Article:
However, maintaining low production costs in the core countries is increasingly becoming difficult because their working classes are able to engage in political and economic struggles. This has led to an increase in wage rate and taxation costs, which in turn have reduced profitability. In this respect, businesses in the core countries have had to relocate their production plants to countries with cheap labor to protect their profit margins.
China is the main beneficiary of capital relocation from the core countries because of its large population and very low wage rate. Increased capital flows to China will increase industrialization and urbanization in the country (Li 107-112). As a result, the wages received by the proletariats and the semi-proletariats will significantly increase. As workers continue to demand for pay increments, China’s wage rate will converge to those of the core states. This will lead to the collapse of global capitalism in the following ways.
First, the producers/ businesses in China might not be able to sustain the high wage rates in the long-run. This means that the rate of capital accumulation in the country will significantly decline. Moreover, China might be relegated to “the status of a periphery or poor semi-periphery state” (Li 109).
In this respect, economic decline might prevent investment in cheap sources of energy and transport infrastructure in China, thereby reducing the growth of capitalism. Nonetheless, the negative effect on capitalism is likely to be minimal since wages are likely to reduce during economic decline.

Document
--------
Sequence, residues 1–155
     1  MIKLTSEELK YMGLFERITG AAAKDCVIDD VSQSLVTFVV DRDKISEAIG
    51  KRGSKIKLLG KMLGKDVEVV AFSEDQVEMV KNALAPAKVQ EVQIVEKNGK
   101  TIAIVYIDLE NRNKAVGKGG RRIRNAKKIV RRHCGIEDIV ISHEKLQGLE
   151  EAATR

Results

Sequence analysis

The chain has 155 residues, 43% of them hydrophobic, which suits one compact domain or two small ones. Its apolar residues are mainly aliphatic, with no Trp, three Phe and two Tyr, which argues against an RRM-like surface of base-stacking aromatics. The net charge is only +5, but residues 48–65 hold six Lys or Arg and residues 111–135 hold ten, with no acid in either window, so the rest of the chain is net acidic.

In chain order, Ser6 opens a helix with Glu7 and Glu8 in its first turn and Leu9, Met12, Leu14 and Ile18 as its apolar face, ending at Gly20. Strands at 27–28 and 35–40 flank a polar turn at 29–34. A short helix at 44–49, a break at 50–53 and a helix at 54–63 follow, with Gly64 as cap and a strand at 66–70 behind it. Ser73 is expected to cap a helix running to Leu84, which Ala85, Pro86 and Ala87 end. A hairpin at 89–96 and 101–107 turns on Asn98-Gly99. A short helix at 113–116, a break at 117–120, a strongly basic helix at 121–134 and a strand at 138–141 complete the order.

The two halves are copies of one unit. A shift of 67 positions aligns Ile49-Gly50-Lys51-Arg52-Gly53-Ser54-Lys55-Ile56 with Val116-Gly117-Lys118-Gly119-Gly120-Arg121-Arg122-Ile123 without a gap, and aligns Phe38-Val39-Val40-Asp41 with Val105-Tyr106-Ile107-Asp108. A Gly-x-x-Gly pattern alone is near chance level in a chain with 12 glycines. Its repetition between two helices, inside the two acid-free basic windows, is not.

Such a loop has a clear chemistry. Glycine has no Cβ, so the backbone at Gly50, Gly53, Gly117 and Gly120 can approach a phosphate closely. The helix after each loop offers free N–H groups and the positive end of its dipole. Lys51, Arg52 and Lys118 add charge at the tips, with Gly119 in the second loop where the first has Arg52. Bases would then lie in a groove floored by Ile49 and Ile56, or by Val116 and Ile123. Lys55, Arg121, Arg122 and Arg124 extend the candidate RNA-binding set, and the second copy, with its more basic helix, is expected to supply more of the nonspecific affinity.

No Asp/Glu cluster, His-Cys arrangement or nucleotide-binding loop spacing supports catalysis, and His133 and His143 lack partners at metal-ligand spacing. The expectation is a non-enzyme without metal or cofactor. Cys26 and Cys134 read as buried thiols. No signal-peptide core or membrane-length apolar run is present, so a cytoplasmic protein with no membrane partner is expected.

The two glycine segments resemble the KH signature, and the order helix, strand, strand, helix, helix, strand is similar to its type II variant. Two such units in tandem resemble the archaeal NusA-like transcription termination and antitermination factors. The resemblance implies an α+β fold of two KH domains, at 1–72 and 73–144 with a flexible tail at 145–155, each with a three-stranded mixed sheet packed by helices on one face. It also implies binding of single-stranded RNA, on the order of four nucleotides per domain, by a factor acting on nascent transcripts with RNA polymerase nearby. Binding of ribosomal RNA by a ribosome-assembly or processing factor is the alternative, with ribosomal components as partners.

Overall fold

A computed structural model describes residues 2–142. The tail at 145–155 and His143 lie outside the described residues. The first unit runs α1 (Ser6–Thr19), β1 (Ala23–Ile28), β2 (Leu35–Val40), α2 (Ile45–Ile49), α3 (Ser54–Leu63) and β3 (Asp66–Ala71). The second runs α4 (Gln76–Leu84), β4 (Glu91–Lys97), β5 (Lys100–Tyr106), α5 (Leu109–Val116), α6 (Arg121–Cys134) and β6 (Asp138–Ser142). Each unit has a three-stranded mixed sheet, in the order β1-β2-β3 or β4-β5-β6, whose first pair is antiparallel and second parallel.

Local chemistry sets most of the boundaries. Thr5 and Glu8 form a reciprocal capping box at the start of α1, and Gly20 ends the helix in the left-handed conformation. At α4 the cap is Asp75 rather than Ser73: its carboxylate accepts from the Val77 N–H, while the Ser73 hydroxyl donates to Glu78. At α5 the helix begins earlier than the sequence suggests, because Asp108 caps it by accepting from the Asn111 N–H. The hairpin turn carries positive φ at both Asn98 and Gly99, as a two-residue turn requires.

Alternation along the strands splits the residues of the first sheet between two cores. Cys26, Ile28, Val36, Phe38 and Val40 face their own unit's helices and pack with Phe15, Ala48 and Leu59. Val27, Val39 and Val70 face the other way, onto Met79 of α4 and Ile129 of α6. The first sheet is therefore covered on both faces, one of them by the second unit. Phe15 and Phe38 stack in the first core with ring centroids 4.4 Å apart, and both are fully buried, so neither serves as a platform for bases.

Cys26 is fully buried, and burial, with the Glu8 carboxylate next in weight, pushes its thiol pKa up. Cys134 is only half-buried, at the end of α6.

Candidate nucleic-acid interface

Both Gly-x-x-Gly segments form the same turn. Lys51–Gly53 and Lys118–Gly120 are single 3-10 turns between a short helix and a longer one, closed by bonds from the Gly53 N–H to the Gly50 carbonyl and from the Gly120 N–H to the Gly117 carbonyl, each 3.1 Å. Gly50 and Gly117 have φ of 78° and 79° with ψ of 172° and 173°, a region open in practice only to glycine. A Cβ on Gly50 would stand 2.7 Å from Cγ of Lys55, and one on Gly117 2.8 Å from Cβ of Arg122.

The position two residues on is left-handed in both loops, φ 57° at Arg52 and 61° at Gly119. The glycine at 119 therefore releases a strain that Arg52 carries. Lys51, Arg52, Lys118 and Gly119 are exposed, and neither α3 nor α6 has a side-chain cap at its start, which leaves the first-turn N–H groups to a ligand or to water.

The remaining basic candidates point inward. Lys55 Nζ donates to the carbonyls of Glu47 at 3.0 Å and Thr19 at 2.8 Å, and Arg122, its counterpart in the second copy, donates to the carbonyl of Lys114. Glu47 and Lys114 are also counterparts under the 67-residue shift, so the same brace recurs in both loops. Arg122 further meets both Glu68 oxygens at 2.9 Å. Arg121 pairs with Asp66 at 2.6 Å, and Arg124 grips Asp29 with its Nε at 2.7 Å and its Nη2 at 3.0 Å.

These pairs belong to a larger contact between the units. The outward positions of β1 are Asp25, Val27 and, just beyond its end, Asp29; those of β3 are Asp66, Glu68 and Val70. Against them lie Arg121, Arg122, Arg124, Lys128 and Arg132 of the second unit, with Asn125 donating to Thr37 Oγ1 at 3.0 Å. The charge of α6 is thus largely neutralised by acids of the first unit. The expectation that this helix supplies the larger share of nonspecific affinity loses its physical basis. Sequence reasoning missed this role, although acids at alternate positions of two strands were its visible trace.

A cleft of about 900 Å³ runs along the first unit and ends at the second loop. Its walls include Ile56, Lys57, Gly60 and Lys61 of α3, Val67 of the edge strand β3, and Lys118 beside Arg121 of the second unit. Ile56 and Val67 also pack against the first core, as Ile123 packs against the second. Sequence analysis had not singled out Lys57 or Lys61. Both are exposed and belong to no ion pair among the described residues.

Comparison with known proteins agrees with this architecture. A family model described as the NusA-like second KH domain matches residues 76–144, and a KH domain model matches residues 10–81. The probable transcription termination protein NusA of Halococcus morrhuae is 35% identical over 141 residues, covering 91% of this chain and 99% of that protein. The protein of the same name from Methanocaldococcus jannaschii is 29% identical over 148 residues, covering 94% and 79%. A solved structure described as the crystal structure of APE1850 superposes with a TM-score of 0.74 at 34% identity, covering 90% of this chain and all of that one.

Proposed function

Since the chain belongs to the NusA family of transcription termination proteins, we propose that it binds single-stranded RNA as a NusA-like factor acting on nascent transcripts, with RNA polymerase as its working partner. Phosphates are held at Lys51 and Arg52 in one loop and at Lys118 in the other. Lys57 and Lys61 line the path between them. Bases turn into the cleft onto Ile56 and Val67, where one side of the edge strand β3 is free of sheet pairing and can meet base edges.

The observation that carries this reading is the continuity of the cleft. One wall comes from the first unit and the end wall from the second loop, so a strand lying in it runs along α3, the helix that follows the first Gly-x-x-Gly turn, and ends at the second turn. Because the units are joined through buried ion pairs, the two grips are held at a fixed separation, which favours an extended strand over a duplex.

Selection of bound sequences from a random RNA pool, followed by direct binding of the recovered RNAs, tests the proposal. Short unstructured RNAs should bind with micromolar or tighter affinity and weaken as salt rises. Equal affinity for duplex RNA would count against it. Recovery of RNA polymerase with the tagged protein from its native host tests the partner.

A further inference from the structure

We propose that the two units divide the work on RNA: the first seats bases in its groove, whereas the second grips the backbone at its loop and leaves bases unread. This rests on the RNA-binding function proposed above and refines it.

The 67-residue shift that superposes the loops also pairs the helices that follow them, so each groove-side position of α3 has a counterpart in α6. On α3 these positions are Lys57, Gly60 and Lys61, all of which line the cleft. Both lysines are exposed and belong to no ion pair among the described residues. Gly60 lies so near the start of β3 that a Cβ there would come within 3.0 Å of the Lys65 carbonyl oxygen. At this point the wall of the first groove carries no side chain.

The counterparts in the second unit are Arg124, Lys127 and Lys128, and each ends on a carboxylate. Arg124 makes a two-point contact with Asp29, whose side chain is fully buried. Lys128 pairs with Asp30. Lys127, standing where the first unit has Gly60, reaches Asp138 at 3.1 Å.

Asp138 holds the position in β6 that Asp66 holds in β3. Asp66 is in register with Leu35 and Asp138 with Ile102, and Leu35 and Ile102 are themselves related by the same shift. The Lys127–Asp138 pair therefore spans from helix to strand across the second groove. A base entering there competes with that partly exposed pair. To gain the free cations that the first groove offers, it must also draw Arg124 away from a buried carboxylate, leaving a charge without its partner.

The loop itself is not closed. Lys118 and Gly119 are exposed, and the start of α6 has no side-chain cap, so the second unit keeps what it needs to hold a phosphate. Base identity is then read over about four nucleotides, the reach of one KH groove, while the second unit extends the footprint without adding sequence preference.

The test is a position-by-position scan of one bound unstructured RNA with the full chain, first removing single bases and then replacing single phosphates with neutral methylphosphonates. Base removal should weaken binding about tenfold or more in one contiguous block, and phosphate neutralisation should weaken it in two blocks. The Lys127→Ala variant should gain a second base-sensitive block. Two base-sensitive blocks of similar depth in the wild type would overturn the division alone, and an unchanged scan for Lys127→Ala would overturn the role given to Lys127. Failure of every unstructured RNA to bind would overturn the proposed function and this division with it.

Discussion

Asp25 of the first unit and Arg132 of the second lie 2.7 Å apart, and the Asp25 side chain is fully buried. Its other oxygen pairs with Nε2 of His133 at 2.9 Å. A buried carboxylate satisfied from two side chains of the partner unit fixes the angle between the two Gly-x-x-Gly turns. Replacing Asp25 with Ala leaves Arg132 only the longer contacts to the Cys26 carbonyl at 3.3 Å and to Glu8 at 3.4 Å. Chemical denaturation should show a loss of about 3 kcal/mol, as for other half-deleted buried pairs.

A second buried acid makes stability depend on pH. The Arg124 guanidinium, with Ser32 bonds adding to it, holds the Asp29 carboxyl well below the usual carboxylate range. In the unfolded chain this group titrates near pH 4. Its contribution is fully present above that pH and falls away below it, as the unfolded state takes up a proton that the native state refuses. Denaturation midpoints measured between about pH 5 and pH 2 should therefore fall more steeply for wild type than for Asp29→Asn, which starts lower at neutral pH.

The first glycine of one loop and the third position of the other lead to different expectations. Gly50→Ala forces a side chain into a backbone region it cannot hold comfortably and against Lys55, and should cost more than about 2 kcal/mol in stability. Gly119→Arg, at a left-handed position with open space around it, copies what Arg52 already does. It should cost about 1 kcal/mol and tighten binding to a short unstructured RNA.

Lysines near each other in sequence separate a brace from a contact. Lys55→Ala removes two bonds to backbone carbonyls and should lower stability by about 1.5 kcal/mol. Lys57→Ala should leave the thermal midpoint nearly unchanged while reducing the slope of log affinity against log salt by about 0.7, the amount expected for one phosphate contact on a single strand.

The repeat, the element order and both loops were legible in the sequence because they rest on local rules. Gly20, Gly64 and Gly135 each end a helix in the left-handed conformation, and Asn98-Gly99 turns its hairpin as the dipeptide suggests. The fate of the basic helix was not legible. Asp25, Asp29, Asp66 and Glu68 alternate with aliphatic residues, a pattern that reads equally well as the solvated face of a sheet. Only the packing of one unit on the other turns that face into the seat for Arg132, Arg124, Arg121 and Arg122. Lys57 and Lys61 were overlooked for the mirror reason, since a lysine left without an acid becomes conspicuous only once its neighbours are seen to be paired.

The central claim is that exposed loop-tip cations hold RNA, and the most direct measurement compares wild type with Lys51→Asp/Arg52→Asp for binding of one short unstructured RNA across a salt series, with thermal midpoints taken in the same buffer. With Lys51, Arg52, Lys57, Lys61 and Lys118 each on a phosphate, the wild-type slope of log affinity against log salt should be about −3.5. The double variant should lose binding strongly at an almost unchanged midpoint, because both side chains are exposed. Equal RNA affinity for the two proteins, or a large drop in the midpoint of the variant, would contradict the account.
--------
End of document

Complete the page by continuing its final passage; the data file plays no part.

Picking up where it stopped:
Second, if the profit and wage rates in China converge to those of the semi-periphery states in a downward manner, global capitalism will face serious challenges. In particular, the monopoly of the semi-periphery states in the production of certain goods will be replaced with intense competition from China (Li 107-111). Consequently, the wage rates in the semi-periphery states will reduce to the levels in China. This means that the semi-periphery states will become periphery states.
The resulting reduction in global demand will lead to the demise of capitalism by reducing profitability. The core states will also experience increased resistance from the periphery and poor semi-periphery states. Similarly, the poor semi-periphery states will experience high political instability due to the revolutions that are likely to arise as poverty increases. Thus, intrastate and interstate political instability will lead to the collapse of capitalism by preventing production.
Third, if the convergence in profit and wage rates occurs in an upward manner, China will be elevated to the status of a well-to-do semi-periphery state. Thus, China’s workers will be entitled to the wage rates that are equal to those in the well-to-do semi-periphery states.
Given the large size of China’s labor force, capitalists will have to double the workers’ share of surplus value (Li 110-112). This might not be possible because it will be very expensive. Moreover, it will significantly reduce the percentage of the surplus value that will be received by the rest of the world.